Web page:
– Samuel Quatromoni, Managing Editor
 Nathaniel Gronewald, The Night the River Roared Like A Demon, ClimateWire, Oct. 12, 2010, http://www.eenews.net/public/climatewire/2010/10/12/1.
 Lisa Friedman, After the Flood Vulnerability Drives Pakistan’s Position, ClimateWire, http://www.eenews.net/climatewire/2010/10/26/archive/2.
 Carlotta Gall, Floodwaters Threatening the South of Pakistan, N.Y. Times, Aug. 20, 2010, http://www.nytimes.com/2010/08/21/world/asia/21pstan.html.
 See Friedman, supra note 2; see also Ricky Rood, A Climate Case Disaster Case Study, Weather Underground (Aug. 17, 2010, 6:18 AM), http://www.wunderground.com/blog/RickyRood/comment.html?entrynum=168 (professor at the University of Michigan’s Department of Atmospheric, Oceanic, and Space Science stating “[w]e have, here, harsh, brutish reality . . . . We have here a case study of a climate disaster”).
 See Working Grp. I to the Fourth Assessment Report of the Intergovernmental Panel on Climate Change, The Physical Sci. Basis 15 (Susan Solomon et al., eds. 2007).
 Fiona Harvey, World Headed for Irreversible Climate Change in Five Years, IEA Warns, The Guardian, Nov. 9, 2011, http://www.guardian.co.uk/environment/2011/nov/09/fossil-fuel-infrastructure-climate-change.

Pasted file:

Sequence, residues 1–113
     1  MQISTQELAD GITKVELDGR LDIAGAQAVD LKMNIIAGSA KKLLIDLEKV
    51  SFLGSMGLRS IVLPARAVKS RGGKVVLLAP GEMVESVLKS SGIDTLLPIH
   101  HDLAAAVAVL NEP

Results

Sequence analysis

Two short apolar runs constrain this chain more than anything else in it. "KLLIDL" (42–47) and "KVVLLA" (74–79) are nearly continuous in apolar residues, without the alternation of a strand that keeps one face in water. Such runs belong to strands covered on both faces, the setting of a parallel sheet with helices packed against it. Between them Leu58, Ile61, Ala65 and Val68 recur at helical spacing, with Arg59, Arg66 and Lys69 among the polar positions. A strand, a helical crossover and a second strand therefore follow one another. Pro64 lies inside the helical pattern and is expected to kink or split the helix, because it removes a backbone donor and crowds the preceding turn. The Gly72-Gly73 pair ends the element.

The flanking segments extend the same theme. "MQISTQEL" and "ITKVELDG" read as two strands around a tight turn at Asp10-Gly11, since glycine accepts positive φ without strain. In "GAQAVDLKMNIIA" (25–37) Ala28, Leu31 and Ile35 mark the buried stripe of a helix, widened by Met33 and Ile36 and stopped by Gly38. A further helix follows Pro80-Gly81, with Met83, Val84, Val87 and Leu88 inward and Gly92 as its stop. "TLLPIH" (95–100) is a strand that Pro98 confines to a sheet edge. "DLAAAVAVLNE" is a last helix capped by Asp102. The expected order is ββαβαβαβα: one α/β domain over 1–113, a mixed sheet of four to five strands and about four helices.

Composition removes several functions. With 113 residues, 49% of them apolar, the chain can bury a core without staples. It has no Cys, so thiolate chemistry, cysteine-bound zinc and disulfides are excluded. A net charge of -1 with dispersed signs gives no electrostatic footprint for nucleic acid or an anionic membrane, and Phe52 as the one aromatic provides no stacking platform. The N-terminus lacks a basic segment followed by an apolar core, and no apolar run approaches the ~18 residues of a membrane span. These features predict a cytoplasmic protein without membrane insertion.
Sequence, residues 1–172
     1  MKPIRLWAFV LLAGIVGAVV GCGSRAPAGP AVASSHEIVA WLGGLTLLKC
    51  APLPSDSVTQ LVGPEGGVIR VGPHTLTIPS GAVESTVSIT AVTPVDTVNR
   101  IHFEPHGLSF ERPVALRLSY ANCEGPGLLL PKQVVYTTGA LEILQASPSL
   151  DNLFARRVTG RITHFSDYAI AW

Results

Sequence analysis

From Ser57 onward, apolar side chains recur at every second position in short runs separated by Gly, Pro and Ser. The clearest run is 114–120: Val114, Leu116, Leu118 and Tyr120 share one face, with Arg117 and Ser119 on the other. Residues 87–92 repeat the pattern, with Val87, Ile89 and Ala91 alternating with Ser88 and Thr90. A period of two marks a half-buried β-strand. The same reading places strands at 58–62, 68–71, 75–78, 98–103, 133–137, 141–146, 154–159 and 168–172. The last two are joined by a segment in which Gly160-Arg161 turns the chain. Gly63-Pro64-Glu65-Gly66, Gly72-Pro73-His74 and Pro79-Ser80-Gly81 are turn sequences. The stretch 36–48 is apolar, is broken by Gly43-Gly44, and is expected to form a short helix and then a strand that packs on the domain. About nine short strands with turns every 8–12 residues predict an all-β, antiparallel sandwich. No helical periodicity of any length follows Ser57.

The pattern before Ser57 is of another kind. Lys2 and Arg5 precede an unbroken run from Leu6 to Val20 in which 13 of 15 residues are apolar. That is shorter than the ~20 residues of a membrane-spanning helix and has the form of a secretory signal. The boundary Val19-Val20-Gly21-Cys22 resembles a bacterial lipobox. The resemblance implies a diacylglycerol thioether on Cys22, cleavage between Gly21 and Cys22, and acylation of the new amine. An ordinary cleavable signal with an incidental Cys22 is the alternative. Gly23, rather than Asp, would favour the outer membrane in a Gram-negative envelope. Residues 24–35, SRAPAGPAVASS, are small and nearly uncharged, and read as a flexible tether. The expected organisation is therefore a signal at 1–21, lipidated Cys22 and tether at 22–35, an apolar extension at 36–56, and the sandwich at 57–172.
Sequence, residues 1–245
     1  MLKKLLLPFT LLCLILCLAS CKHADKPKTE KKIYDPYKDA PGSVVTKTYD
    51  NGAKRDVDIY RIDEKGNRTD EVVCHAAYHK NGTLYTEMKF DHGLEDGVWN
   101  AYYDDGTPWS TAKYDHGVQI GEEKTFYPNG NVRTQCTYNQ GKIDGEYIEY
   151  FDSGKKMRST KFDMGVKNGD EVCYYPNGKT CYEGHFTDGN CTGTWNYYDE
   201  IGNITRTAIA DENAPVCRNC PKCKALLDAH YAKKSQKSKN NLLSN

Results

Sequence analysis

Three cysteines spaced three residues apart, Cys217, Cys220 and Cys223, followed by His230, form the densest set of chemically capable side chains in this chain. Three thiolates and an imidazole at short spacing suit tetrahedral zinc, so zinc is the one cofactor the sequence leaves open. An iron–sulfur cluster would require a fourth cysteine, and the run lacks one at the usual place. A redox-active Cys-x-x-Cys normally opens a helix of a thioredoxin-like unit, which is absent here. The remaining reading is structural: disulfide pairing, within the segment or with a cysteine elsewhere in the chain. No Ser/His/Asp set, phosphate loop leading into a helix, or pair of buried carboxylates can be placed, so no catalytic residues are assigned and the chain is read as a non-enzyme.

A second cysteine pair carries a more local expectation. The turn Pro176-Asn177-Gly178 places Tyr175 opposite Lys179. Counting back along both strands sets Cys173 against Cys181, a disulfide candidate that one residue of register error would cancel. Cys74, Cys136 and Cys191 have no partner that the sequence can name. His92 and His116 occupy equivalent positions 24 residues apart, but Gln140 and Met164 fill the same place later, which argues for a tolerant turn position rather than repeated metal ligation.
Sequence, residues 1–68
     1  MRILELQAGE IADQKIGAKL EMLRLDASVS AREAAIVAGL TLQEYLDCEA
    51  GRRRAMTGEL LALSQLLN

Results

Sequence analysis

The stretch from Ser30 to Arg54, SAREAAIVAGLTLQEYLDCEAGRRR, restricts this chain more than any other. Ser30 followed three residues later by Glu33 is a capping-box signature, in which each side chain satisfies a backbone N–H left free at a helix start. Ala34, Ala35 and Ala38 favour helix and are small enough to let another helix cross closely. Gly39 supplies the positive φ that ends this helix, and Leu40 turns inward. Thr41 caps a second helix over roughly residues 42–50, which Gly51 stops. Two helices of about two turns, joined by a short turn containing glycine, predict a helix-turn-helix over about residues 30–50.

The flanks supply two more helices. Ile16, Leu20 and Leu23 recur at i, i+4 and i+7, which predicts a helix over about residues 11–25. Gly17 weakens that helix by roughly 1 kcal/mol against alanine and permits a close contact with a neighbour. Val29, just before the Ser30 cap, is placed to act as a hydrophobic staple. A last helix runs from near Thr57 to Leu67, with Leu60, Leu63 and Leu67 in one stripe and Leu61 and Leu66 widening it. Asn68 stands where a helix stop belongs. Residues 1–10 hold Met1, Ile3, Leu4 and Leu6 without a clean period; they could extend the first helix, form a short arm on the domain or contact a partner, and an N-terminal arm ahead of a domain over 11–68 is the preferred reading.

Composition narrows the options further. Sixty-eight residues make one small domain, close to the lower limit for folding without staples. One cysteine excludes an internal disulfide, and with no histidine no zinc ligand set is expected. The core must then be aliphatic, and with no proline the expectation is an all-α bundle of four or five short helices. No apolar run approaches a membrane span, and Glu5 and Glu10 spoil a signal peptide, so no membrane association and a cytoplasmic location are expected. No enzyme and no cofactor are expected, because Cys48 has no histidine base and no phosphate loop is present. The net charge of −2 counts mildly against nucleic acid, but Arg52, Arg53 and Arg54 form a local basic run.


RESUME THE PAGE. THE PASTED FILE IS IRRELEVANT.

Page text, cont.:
See id.
 See id.
 See Rood, supra note 4.
 See Harvey, supra note 6.
 Glossary of Climate Change Acronyms, UNFCCC.int, http://unfccc.int/essential_background/glossary/items/3666.php#A (last visited Mar. 6, 2011).
 See Working Grp. I to the Fourth Assessment Report of the Intergovernmental Panel on Climate Change, supra note 5.
 Request for Project/Programme Funding From Adaptation Fund by Republic of Tanzania, http://www.adaptation-fund.org/system/files/Tanzania%20AF%20proposal%20revised%20Jan%2012_2011.pdf.
 See Arunhaba Ghosh & Ngaire Woods, Developing Country Concerns about Climate Finance Proposals, in Climate Finance 157, 159 (Richard Stewart et al., eds. 2009).
 See Roger Pielke, Jr., The Case for a Sustainable Climate Policy: Why Costs and Benefits Must Be Temporally Balanced, 155 U.Pa L. Rev. 1843, 1853–54 (2007).
 Conference of the Parties to the United Nations Framework Convention on Climate Change, Cancun, Mex., Nov. 29–Dec. 10, 2010, Outcome of the Work of the Ad-hoc Working Group on Long Term Cooperative Action under the Convention, FCCC/CP/2010/7/Add.1, available at http://unfccc.int/resource/docs/2010/cop16/eng/07a01.pdf#page=2 [hereinafter Cancun Agreement].
 Jessica Ayers et al., Global Adaptation Governance beyond 2012: Developing Country Perspectives, in Global Climate Governance Beyond 2012 at 270, 274 (Frank Bierman et al., eds. 2010); see also Hugh Bredenkamp & Catherine Pattillo, IMF, Financing the Response to Climate Change 7 (IMF Staff Position Note 2010) (“Resources for mitigation, by contrast, can be expected to yield some positive return, and hence the related financing could take the form of loans.”).
 Richard Stewart et al., Climate Finance for Limiting Emissions and Promoting Green Development, in Climate Finance 3, 17 (Richard Stewart et al., eds. 2009).
 See id. ¶¶ 13, 100.
 This proposal is fully fleshed out in my note, Samuel P. Quatromoni, Note, One Fund to Rule Them All: Consolidating Adaptation Finance in the Green Climate Fund.